The two most famous theoretical dark-matter candidates have been around for a long time now, and neither was introduced to solve the riddle of dark matter. The first of these candidates is called the lightest supersymmetric particle (LSP). As its name implies, the LSP is predicted in many “supersymmetric” (SUSY) extensions to the Standard Model of particle physics. There are many good reasons for supposing that the Standard Model requires extending, but for our purposes, we need only know that SUSY predicts that for every boson/fermion in the Standard Model there should exist a partner fermion/boson, and that the lightest of these predicted “super-partners” is typically stable, weakly interacting and sufficiently massive to make an excellent candidate for dark matter.

The downside is that supersymmetric extensions to the Standard Model come with a lot of unknown parameters, so there are many viable implementations of SUSY. Of those that have stood the test of time (including non-detection at CERN’s Large Hadron Collider), most predict that the LSP should be a particle known as a neutralino, which is a combination of the superpartners to the particles that carry the weak force (the W and Z bosons) and the Higgs boson.

The LSP is an example of a weakly interacting massive particle (WIMP). In the dark-matter search, WIMPs now constitute the main paradigm, and for good reason. The fact that the LSP is a WIMP is a strong motivator in itself, as is the fact that WIMPs are thought to interact weakly with atomic nuclei and to annihilate in pairs, producing high-energy photons and neutrinos. As we saw in the previous section, both behaviours provide opportunities for detection.

But perhaps the most compelling feature of WIMPs is something called the “WIMP miracle”. It might be overstating things to speak of miracles, but it is certainly intriguing that the thermodynamics of the nascent universe make it possible to predict the current-day abundance of WIMPs if we know the rate at which WIMP pairs annihilate each other. The “miracle” here is that the abundance of WIMPs would agree with the evidence for dark matter if the WIMP is weakly interacting and has a mass in the 10 GeV to 1 TeV range. These are exactly the properties expected of the LSP.

The other main dark-matter candidate that arose out of a theoretical development that had nothing to do with dark matter is the axion. This hypothetical particle emerged in the 1970s as a consequence of something called the “strong CP problem” in quantum chromodynamics (QCD), which is the theory that governs the strong nuclear force. The axion is thought to be very light, with experiments and observations constraining its mass to lie somewhere between a micro- and a milli-electronvolt. Although light, it remains a good cold dark-matter candidate because it is predicted to be produced essentially at rest.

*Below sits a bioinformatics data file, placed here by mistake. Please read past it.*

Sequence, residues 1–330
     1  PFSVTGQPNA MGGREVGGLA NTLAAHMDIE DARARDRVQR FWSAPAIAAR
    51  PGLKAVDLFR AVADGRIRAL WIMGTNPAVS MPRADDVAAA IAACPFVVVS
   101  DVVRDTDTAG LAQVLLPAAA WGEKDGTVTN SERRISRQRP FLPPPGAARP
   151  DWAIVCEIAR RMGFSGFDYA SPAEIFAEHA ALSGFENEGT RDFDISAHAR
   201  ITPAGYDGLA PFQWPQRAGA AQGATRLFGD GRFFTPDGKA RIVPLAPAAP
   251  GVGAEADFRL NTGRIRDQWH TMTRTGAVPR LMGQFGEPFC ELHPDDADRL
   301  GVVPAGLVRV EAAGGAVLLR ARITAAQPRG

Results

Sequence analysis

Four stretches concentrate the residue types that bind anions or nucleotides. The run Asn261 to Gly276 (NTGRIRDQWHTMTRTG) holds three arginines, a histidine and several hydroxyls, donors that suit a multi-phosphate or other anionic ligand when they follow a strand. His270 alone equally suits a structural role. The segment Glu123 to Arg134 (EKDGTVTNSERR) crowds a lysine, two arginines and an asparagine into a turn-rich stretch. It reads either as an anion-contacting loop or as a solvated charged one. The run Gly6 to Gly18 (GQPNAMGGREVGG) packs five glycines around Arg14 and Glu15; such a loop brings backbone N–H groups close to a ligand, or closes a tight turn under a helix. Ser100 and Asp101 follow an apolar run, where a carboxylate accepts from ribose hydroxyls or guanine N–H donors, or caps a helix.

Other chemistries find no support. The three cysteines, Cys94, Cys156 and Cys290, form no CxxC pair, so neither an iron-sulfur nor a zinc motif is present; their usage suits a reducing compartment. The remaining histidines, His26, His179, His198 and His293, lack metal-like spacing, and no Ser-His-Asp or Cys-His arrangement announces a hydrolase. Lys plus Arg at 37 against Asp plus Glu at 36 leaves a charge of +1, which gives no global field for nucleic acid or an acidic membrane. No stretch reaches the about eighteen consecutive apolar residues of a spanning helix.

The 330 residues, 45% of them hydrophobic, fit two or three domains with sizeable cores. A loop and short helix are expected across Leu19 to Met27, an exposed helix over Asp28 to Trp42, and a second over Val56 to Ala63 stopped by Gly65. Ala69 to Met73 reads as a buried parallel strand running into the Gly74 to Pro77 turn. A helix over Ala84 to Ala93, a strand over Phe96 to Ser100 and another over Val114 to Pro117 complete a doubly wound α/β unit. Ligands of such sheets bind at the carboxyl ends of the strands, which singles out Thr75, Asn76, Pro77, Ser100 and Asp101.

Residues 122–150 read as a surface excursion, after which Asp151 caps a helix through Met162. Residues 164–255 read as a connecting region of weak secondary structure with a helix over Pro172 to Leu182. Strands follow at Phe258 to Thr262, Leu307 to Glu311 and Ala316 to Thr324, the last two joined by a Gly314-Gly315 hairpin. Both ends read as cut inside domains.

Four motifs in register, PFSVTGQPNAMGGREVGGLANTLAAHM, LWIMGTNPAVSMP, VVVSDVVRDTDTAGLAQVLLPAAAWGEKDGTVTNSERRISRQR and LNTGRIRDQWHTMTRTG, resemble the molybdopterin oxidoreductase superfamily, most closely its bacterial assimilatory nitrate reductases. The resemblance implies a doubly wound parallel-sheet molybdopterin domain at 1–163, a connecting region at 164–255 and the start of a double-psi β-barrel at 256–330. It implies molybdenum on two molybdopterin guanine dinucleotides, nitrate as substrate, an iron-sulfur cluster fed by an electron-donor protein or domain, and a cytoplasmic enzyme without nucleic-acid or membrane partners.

The axion is also predicted to interact only weakly with ordinary matter. Nevertheless, its small coupling to photons can be exploited to look for axions via their conversion into photons in the presence of a strong magnetic field. Observing such a conversion is the goal of the Axion Dark Matter eXperiment, and it should be able to cover a substantial portion of the theoretically favoured mass-coupling range over the next few years.

Well motivated as they may be, the LSP and the axion are but two of many possibilities (see above). For example, the question of why the densities of dark matter and visible matter just happen to be of the same order of magnitude has inspired the development of “asymmetric dark matter” models. We know that the current-day visible-matter density is the tiny residue left over after a process of matter–antimatter annihilation in the early universe. The idea is that the mechanism that produced a slight excess of matter over antimatter in the early universe also produced a slight excess of dark matter over dark antimatter. And, just as for ordinary matter, the dark matter and the dark antimatter subsequently annihilated to leave behind the residue of dark matter we infer today.

If this line of thinking is correct, there ought to be roughly the same number of dark-matter particles as there are protons in the universe. Since the dark-matter energy density is around five times that of the ordinary matter, this implies that a dark-matter particle should be around five times more massive than a proton. The precise value of the mass depends on the specific details of the model, but it is typically in the 5 to 15 GeV range – which just happens to correspond to the region where a number of direct-detection experiments have reported tentative evidence of a dark-matter signal. On the downside, at such low masses, the experiments lose sensitivity because the energy deposited by the dark matter is too small to be detected.

On to dark energy

Compared with dark matter, the history of dark energy is short. Its existence was indicated in the mid-1990s after observations of distant type Ia supernovae – highly predictable and very bright exploding white dwarf stars – showed that the expansion of the universe is accelerating. This was an unexpected, even counterintuitive finding: it seems to imply that a large part of the energy density of the universe arises as a result of something that exerts a negative pressure. This is certainly not something that ordinary matter does, so we call this mysterious negative-pressure stuff “dark energy”.